This stately home facing Store Creek on Edisto Island has served as the manse for the Presbyterian Church on Edisto since the late eighteenth century. The church houses one of the oldest Presbyterian congregations in the nation, dating to the late seventeenth century; it was founded shortly after Royal Governor Joseph Morton settled on the island in 1680. The two-and-a-half story manse is thought to have been built for the church’s minister around 1790. The land for the manse was donated to the church by Henry Bowers in 1717.
While many might see this elegant home as more imposing than one would expect for a church manse, it is actually quite austere. Its only ornamentation is the four-pane transom over the entrance; all other features are purely functional. The house stands on a raised basement, not only affording spectacular views of the creek but also allowing the home to be cooled by breezes coming off the water. The interior consists of four rooms on each floor, which are divided symmetrically by a central hallway. The balance of windows also contributed to the movement of salty air through the house, serving as a natural air conditioner.
Though updated with modern conveniences, modifications to the Presbyterian manse have been few over time, and the house remains virtually the same in appearance as when it was built. It is the oldest structure on the island associated with a church. Today the home continues to serve as a manse for the historic Presbyterian congregation.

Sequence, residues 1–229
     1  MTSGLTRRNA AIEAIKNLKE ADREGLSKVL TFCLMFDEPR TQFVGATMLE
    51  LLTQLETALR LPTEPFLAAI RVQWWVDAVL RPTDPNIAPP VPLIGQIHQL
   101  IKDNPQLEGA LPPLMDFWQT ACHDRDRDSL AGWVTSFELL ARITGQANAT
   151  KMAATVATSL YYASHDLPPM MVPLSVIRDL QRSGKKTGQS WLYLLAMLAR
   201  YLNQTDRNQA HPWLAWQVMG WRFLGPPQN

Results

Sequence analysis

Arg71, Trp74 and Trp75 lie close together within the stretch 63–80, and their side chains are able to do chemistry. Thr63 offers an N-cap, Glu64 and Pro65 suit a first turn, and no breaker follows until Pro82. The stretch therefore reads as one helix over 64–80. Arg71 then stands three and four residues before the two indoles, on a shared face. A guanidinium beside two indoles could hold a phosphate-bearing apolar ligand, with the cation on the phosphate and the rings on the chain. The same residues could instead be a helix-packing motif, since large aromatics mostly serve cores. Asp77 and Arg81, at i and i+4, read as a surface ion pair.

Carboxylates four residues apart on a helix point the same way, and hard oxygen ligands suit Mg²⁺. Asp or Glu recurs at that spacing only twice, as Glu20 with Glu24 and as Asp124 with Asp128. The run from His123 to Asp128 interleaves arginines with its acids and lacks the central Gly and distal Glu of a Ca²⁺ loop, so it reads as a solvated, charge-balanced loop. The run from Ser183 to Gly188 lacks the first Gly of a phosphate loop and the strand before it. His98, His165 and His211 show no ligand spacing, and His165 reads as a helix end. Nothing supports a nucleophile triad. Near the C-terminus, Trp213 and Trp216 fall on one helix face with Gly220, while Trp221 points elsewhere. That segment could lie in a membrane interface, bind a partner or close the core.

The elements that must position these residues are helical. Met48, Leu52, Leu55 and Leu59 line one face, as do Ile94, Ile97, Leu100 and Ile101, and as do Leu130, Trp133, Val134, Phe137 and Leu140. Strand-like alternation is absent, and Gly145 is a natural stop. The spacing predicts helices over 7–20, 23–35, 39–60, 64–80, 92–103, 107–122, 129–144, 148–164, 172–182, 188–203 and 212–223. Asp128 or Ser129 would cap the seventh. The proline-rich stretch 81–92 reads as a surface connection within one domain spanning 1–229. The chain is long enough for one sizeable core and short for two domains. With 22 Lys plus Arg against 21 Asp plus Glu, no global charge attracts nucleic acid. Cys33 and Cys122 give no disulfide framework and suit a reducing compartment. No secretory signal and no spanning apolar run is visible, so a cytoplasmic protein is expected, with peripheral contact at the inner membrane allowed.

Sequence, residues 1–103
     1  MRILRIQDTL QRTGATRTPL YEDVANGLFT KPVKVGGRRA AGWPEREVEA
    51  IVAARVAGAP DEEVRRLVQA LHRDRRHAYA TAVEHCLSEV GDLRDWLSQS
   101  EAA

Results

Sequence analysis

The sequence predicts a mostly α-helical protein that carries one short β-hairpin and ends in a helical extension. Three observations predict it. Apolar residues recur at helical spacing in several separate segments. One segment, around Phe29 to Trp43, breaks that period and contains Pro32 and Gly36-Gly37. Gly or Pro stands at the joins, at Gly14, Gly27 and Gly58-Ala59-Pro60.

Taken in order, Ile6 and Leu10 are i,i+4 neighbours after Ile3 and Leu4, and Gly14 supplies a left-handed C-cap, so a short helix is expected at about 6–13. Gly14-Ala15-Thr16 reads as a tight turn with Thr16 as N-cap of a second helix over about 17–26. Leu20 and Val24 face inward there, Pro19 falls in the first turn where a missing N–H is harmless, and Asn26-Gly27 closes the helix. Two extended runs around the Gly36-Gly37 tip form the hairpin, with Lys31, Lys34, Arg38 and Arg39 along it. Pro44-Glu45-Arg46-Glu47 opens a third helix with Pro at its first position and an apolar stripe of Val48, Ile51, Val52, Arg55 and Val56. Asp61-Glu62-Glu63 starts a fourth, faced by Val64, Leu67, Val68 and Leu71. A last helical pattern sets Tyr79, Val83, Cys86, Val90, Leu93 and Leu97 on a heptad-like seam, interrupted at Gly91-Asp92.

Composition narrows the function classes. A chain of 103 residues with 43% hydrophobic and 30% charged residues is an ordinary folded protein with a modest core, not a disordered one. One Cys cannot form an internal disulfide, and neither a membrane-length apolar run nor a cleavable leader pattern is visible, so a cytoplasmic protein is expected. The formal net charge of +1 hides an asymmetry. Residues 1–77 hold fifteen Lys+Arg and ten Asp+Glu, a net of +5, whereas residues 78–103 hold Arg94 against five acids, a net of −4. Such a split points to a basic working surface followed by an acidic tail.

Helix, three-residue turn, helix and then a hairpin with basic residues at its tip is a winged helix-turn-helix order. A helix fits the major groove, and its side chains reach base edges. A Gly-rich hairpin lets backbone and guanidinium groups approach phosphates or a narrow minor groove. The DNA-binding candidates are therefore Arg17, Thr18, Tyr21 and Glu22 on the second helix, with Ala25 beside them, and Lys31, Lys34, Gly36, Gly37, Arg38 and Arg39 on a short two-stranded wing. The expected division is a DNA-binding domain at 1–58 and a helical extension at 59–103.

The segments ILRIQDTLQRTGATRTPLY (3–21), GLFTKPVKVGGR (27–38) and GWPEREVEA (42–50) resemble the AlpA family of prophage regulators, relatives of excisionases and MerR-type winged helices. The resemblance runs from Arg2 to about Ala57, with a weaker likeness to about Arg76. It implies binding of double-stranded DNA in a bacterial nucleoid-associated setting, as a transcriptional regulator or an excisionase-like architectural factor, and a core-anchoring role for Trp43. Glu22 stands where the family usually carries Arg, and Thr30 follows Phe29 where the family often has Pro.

The Presbyterian Manse is listed in the National Register:
The Presbyterian congregation on Edisto Island is one of the oldest in South Carolina, dating from about 1710. The Presbyterian Manse on Edisto Island, a two-and-a-half story, wooden building with full brick basement, has been altered little since it was built in the late 1700s (ca.1790). Entrance is via small, straight stairs which lead to a wide shed-roof porch which extends the full length of the building and continues around the east side. The porch has square posts to which railings are attached horizontally. The façade below the porch roof consists of a central door with four pane transom above. The door is flanked by four 9 over 9 sash windows, two to a side. The four windows on the second floor level are located directly above the first floor windows. Two overhanging dormer windows, set in a medium gable roof, are placed in front of matching chimneys. The manse’s severe simplicity is very much in keeping with the general idea of a Presbyterian manse.